Universal declaration of human rights? United nations? International cooperation? International order? Preventing wars? Striving for peace? Respecting human dignity? It is almost 70 years since this declaration was proclaimed and yet it is hard to shake the impression that many people/nations/leaders could care less…
I look up at the calendar on my kitchen wall and there it is – December 10 as Human Rights Day. I go to Facebook and there it is again – you can click ‘Like’ or share it on your wall. (I did not share it since I did not like the design. Or maybe I am just tired of online activism where we post slogans, memes, famous quotes, provocative statements and anything else to “make this world a better place”. But here I am writing this blog. I guess at the end of the day it is still better to add my voice to issues I deeply care about.)
This Sunday is also a religious celebration of Second Advent. In the Christian tradition and calendar it is a time of waiting and preparation. Waiting for the Hope and Light of the world to be born in a seemingly hopeless and dark place and welcoming this coming with open heart and mind. We sing “Oh come, oh come, Emmanuel” and we do it every year. Why keep saying it if we believe He has come already? There are many theological reasons but one simple reason I can give is we need to remind ourselves what this life and this world is like without Him.
It is amazing how quickly we get used to the good news, things and good times and take it for granted. It is also amazing how quickly we can descend into hopelessness and darkness again.
For very long time now, we take Jesus of Nazareth and the way he transforms our human existence for granted. Nowadays we also take the Universal declaration of human rights for granted. We cannot imagine a world without these commonly accepted principles because most of us did not live before 1948 and during Second World War. We, at least the Westerners, are so used to speaking about our human rights that we think nothing of it.
But here I read the lines from the declaration’s preamble: “The advent of a world in which human beings shall enjoy freedom of speech and belief and freedom from fear and want has been proclaimed as the highest aspiration of the common people.
(…) Whereas it is essential to promote the development of friendly relations between nations.
Whereas the peoples of the United Nations have in the Charter reaffirmed their faith in fundamental human rights, in the dignity and worth of the human person and in the equal rights of men and women and have determined to promote social progress and better standards of life in larger freedom,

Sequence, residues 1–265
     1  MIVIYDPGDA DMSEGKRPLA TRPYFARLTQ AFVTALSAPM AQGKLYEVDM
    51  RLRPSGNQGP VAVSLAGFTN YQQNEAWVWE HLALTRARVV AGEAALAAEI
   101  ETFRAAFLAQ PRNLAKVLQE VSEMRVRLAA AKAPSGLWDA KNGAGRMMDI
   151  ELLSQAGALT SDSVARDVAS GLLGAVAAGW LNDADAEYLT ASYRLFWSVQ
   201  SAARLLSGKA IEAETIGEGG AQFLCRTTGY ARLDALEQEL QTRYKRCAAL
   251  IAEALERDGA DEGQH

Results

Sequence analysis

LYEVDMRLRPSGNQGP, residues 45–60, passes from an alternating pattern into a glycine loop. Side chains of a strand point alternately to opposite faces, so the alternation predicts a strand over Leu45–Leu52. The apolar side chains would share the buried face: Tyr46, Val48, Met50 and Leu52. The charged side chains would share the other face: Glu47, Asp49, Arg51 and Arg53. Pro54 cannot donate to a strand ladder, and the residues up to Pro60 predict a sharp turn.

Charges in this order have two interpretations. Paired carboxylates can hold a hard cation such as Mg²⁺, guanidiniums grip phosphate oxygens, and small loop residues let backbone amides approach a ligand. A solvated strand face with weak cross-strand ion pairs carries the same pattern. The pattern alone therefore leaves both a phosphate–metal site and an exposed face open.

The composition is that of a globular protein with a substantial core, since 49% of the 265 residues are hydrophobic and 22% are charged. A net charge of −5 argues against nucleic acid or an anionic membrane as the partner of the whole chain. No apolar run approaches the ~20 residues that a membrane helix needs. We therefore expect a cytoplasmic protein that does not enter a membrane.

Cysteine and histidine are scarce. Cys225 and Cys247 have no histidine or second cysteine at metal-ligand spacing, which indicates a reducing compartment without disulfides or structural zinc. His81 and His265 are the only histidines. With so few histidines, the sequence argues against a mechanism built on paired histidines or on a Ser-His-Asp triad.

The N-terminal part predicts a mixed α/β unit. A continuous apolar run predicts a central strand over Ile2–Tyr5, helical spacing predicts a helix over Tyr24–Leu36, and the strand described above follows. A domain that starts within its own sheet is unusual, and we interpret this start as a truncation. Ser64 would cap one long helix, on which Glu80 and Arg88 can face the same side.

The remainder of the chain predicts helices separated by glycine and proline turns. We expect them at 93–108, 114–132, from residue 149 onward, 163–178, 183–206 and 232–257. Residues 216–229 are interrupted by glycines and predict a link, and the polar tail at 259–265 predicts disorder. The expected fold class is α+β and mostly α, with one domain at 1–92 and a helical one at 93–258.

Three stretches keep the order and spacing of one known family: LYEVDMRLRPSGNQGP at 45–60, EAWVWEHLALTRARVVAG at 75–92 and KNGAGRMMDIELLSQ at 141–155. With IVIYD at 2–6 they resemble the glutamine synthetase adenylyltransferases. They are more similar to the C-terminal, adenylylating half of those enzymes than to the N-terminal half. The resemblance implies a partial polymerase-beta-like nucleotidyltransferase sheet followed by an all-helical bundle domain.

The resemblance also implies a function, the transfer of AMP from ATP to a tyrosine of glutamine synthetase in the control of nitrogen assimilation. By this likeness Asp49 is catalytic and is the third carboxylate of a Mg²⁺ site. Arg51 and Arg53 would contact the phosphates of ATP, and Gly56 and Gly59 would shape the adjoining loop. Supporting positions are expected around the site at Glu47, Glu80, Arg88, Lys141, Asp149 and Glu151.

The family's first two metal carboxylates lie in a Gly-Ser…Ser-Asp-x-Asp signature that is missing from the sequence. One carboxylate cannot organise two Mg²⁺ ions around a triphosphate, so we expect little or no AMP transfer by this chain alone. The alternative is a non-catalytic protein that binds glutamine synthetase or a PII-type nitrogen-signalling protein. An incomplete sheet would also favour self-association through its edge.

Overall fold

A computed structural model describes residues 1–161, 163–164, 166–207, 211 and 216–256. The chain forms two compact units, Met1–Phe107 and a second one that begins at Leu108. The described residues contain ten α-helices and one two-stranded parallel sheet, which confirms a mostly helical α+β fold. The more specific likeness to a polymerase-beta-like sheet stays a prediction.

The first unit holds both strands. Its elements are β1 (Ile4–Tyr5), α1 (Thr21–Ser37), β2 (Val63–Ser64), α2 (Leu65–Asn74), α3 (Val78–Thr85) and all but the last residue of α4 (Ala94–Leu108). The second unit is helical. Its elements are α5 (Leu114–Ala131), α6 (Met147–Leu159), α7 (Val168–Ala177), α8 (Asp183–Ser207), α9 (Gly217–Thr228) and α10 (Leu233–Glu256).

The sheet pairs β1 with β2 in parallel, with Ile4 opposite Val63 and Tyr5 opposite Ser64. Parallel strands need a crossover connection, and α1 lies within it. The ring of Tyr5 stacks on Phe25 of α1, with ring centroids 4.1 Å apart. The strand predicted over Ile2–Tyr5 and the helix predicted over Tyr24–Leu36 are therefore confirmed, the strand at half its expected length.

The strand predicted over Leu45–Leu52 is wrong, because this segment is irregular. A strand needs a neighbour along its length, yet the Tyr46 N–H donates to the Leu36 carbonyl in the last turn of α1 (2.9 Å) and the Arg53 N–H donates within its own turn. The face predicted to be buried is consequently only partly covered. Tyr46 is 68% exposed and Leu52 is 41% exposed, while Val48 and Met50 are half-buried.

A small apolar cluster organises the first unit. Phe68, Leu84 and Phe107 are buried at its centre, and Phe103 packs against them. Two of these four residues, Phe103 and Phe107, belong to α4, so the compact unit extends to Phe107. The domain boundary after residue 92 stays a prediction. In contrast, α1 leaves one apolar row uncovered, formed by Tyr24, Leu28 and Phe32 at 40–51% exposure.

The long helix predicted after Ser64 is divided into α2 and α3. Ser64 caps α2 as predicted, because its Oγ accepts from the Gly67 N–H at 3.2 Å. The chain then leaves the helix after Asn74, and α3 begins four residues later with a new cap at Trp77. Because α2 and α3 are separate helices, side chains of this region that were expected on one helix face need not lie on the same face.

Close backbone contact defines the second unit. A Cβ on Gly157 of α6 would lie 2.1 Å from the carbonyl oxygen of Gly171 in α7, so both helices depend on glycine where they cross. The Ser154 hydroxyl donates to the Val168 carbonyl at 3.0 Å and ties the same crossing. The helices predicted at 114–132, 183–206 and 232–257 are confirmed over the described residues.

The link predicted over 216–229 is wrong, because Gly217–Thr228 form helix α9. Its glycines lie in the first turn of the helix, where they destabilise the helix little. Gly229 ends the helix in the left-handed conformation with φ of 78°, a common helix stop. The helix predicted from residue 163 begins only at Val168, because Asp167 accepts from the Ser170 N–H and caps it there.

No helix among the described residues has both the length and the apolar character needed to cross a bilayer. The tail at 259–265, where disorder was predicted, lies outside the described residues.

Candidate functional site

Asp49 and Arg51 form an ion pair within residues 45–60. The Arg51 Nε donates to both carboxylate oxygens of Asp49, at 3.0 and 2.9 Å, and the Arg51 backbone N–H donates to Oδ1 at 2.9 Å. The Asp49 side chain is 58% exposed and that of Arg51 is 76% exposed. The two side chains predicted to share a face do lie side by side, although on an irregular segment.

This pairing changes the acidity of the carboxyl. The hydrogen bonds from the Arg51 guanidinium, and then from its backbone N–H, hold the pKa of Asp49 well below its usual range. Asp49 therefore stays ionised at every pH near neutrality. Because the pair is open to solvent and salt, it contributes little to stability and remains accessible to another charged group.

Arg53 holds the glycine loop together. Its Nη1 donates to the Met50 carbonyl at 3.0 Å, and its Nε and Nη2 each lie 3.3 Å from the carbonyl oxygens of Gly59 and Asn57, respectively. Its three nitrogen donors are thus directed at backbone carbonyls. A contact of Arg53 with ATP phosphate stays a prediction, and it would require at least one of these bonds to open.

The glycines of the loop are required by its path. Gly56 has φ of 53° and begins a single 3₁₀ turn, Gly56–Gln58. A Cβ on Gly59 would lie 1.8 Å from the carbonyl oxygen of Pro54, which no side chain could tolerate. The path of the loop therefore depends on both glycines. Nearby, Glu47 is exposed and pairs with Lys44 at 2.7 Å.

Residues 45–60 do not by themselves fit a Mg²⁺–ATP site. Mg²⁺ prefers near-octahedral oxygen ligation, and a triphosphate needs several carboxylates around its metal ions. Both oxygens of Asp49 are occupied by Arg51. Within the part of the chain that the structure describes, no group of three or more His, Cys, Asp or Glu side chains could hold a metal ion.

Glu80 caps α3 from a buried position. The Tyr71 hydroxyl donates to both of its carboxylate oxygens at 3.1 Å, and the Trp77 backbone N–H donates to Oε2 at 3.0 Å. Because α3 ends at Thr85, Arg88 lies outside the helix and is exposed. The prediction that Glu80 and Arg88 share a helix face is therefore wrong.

Whereas Member States have pledged themselves to achieve, in co-operation with the United Nations, the promotion of universal respect for and observance of human rights and fundamental freedoms,
Whereas a common understanding of these rights and freedoms is of the greatest importance for the full realization of this pledge,
Now, Therefore THE GENERAL ASSEMBLY proclaims THIS UNIVERSAL DECLARATION OF HUMAN RIGHTS as a common standard of achievement for all peoples and all nations, to the end that every individual and every organ of society, keeping this Declaration constantly in mind, shall strive by teaching and education to promote respect for these rights and freedoms and by progressive measures, national and international, to secure their universal and effective recognition and observance, both among the peoples of Member States themselves and among the peoples of territories under their jurisdiction.”
Have we achieved and experienced the advent of this kind of world yet? Are all people free to speak their mind, practice their religion, free from fear and want? Are we, the peoples of United Nations, keeping our pledge? Do we even believe in this larger freedom? Do we still have common understanding and emphasize the word “common”? Or are we putting our trust in the world of “mine”? My country. My people. My rights.
The answer is obvious. Thus we are still waiting, still striving and longing…
“O come, Thou Wisdom from on high,
And order all things, far and nigh;
To us the path of knowledge show,
And cause us in her ways to go.
O come, Desire of nations, bind
All peoples in one heart and mind;
Bid envy, strife and quarrels cease;
Fill the whole world with heaven’s peace.
Rejoice! Rejoice! Emmanuel
Shall come to thee, O Israel”